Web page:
“Mother used to say, “Roses have both petals and thorns, my dark flower. You needn’t believe something weak because it appears delicate. Show the world your bravery.”

Great Feminist Quotes

  • “I was determined to be both pretty and fierce, as Mother had said I could be. Just because I was interested in a man’s job didn’t mean I had to give up being girly. Who defined those roles anyhow?”
  • “Wield your assets like a blade, Cousin. No man has invented a corset for our brains. Let them think they rule the world. It’s a queen who sits on that throne. Never forget that.”
  • “I needed no man to empower me. I had my father to thank for that much; his absence in most everyday things had prepared me well enough to stand on my own.”
  • “Where in a medical dictionary does it say a woman cannot handle such things? What is a man’s soul made of that a woman’s is not? I had no idea my innards were composed of cotton and kittens, while yours are filled with steel and steam-driven parts.”
  • “Those who deserve respect are given it freely. If one must demand such a thing, he’ll never truly command it.”

2. Annoyingly charming yet arrogant Love Interest practiced in the art of deduction 🔪 Not going to lie, I wasn’t sure if I would end up liking Thomas Cresswell, because he could either be the likable or unlikable arrogant asshole. It took me some time to get used to his blunt and often shameless behavior, but when I did Thomas really grew on me. Throughout the book we see him open up a bit and get a glimpse of a more vulnerable side of his. While he still remains his carefree, sarcastic and daring self, I liked seeing a lot of different sides to him. Thomas also reminded me a bit of Sherlock Holmes with all the deduction and know-it-all vibe he gave off all the time. He is certainly good at detaching himself from a situation and analysing every last detail. Thomas is also not shy to acknowledge his own intelligence, which comes across terribly arrogant most of the time. Still I could not help but like how we saw him caring about Audrey Rose and being challenged by her as well.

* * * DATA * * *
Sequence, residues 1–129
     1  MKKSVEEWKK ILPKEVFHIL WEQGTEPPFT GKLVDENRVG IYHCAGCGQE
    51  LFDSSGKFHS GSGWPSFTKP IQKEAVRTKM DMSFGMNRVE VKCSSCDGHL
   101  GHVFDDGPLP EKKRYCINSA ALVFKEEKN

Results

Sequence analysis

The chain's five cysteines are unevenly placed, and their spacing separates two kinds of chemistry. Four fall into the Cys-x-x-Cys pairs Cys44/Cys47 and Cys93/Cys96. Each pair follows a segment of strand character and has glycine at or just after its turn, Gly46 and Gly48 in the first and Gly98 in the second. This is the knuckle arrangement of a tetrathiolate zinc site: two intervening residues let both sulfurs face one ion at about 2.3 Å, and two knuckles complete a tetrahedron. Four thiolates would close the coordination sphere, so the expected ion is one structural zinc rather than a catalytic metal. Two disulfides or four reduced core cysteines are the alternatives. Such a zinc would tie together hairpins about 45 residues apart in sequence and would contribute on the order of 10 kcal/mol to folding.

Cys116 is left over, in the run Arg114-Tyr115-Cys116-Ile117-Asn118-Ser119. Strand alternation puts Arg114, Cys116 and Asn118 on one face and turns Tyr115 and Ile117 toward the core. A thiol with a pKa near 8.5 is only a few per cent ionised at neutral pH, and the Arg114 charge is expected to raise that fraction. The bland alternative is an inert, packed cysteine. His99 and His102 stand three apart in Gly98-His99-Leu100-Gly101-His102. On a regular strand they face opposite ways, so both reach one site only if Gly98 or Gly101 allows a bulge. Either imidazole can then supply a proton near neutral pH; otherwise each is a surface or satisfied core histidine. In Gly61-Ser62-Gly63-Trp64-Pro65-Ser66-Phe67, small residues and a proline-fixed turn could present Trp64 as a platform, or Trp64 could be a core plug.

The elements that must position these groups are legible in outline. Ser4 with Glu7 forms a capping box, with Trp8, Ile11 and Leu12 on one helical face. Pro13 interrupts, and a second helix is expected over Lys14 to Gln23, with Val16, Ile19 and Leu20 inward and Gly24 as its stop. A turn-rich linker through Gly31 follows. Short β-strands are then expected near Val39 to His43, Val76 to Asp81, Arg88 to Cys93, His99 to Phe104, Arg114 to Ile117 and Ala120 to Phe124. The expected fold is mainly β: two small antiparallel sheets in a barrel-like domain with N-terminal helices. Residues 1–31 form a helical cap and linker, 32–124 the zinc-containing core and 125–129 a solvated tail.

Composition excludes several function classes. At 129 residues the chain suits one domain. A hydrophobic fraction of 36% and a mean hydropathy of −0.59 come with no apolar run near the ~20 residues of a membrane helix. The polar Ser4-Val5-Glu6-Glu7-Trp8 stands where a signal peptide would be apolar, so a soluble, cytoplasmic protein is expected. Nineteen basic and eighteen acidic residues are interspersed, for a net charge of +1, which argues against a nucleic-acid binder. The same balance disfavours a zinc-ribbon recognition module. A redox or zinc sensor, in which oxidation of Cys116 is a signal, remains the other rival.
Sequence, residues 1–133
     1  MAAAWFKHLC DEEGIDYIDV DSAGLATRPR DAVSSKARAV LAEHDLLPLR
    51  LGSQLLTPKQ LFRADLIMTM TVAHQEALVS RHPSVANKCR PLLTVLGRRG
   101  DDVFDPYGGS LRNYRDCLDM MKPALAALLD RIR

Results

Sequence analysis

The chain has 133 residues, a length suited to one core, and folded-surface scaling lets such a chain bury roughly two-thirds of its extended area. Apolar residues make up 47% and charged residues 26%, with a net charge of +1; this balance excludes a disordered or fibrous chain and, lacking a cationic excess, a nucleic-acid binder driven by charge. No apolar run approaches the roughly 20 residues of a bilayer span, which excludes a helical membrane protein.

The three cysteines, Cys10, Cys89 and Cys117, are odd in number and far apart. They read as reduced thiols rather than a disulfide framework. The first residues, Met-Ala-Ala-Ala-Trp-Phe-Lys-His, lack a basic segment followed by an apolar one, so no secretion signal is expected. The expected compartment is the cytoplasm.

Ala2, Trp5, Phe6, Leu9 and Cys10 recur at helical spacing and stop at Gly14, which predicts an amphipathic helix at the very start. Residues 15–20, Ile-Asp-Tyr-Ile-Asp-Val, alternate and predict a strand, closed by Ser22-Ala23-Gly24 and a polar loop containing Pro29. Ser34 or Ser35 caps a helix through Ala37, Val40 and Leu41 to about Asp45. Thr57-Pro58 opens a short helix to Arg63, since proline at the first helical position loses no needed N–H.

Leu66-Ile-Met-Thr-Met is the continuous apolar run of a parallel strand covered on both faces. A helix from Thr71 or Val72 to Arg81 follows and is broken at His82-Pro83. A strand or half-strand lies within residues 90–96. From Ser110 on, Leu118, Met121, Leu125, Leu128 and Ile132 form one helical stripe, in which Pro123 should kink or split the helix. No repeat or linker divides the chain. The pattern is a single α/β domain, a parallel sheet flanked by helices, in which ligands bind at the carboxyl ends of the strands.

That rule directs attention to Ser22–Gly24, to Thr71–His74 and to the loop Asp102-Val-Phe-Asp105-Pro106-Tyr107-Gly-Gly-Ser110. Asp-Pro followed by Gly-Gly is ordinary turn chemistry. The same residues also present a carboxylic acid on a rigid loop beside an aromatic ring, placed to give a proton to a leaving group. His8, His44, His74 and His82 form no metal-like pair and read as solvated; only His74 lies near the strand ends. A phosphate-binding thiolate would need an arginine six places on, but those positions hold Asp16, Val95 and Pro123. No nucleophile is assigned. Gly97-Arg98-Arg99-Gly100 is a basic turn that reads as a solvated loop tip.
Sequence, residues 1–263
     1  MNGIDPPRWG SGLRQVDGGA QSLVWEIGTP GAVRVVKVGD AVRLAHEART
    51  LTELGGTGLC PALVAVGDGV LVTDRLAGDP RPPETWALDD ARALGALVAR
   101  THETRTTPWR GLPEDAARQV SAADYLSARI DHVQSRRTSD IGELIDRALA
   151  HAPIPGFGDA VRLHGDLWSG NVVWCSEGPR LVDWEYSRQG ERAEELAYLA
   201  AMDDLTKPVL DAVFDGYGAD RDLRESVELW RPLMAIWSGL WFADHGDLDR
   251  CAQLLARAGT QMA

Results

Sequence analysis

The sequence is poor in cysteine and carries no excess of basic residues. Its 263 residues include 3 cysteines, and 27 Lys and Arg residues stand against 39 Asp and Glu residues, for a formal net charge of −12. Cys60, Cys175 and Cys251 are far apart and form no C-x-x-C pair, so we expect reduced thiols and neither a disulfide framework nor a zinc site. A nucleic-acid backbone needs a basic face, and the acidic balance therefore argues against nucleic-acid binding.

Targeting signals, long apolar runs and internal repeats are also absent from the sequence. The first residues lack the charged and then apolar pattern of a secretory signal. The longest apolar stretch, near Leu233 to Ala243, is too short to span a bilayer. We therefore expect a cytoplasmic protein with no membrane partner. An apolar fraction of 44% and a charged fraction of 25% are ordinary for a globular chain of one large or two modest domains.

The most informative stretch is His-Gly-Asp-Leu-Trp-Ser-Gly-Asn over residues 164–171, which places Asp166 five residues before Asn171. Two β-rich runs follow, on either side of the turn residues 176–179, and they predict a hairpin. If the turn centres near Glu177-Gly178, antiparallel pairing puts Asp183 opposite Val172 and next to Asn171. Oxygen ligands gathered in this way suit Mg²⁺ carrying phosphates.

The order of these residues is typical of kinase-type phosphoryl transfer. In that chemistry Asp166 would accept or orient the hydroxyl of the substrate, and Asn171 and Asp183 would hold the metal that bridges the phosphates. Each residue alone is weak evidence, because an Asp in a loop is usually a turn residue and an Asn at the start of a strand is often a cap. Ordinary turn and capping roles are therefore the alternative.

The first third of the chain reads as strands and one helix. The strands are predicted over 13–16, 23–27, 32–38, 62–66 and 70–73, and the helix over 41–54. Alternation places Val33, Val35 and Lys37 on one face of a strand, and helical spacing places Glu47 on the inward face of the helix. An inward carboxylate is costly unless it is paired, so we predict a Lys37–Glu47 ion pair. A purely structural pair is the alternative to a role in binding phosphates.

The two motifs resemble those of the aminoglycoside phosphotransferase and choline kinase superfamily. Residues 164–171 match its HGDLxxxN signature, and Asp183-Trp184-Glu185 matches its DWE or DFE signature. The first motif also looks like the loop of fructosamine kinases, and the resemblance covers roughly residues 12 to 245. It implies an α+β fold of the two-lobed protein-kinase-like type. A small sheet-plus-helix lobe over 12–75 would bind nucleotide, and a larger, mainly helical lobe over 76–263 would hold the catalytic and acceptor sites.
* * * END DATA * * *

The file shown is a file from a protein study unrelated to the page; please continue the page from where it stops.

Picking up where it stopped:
“He reminded me of the caterpillar from Alice’s Adventures in Wonderland, sitting upon his giant mushroom, lazing about without a care in the world. If only he were small enough to squish beneath my boots.”

Thomas according to Audrey Rose

Trenn Kopie